Mark Topps explores how the CQC's new single assessment framework will impact learning disability care providers, with tips on how these services can prepare.
The Care Quality Commission (CQC) have developed their new Single Assessment Framework, following nine months of engagement and interactions with providers, people who use their services, and other stakeholders.
Having just 34 topic areas across five key questions means that learning disability providers will be much clearer about what the CQC are looking for in their assessments.
In this blog post, I explore how the new framework will impact learning disability providers in four ways, with tips on how to prepare and stay one step ahead.
The recent framework emphasises the importance of person-centred care. It promotes choice, dignity, and involvement in decision making.
For many learning disability providers, this won’t be a significant change. However, for those that may fall under the old healthcare guidance, like long stay services, this is going to be a drastic change.
The roll out of person-centred care will see a huge focus on family and loved ones being involved. With the consent of the individual, we know involving family members and support networks in decision making processes can contribute to a more holistic and effective approach to care.
The key questions (Safe, Effective, Well-Led, Caring and Responsive) are not changing, which means there will be some stability for learning disability providers.
Instead of the 330 Key Lines of Enquiries, these are being replaced with 34 quality statements. Having 296 less things to focus on will help improve overall understanding and quality, and the CQC hope it gives providers a clear definition of what good care looks like and what their expectations are.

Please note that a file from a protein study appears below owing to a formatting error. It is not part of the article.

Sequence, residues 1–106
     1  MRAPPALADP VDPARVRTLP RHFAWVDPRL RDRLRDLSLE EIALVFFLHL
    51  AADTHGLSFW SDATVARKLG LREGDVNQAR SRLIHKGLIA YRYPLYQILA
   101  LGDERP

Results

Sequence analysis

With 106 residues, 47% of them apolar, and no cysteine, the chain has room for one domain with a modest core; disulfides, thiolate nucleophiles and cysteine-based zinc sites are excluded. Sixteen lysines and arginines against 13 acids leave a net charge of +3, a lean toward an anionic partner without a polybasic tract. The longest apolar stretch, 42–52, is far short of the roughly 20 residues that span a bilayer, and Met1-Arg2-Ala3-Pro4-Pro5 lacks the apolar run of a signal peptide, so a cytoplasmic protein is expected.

We know that the CQC drafted their quality of life framework. The primary purpose of the quality of life tool is to improve the CQC's ability to consistently identify and take appropriate regulatory action in services that fail or are failing to meet the needs, aspirations and skills development of people with a learning disability and/or autistic people. This framework looks at 4 sections:
We know the CQC embedded this toolkit into their old inspection framework in some regions, although there have been Registered Managers who have stated this has not always been the case. I can speak first hand that during my last inspection at the LD home I managed, this did not come up.
Whilst we do not yet know if this will be fully embedded in the new framework, it is still a great tool for providers to have up their sleeves as it helps push the quality of care. It will be interesting to see if this becomes embedded in the new Single Assessment Framework over time.
Despite it being 2023, the CQC has neglected to include training from their framework and lacks regulation on what is taught to our teams and how often. However, we shouldn't ignore this issue. It's important to ensure staff receive proper training and support, and how we document this for inspections is vital. In my experience managing learning disability services, training is often inadequate, but it's not always shouted about or captured.
I hope this helps you form some actions and thoughts on how to get ahead of the new framework. However, it is important to also stay up to date, and I would strongly recommend you keep checking out the CQC website for their latest updates.
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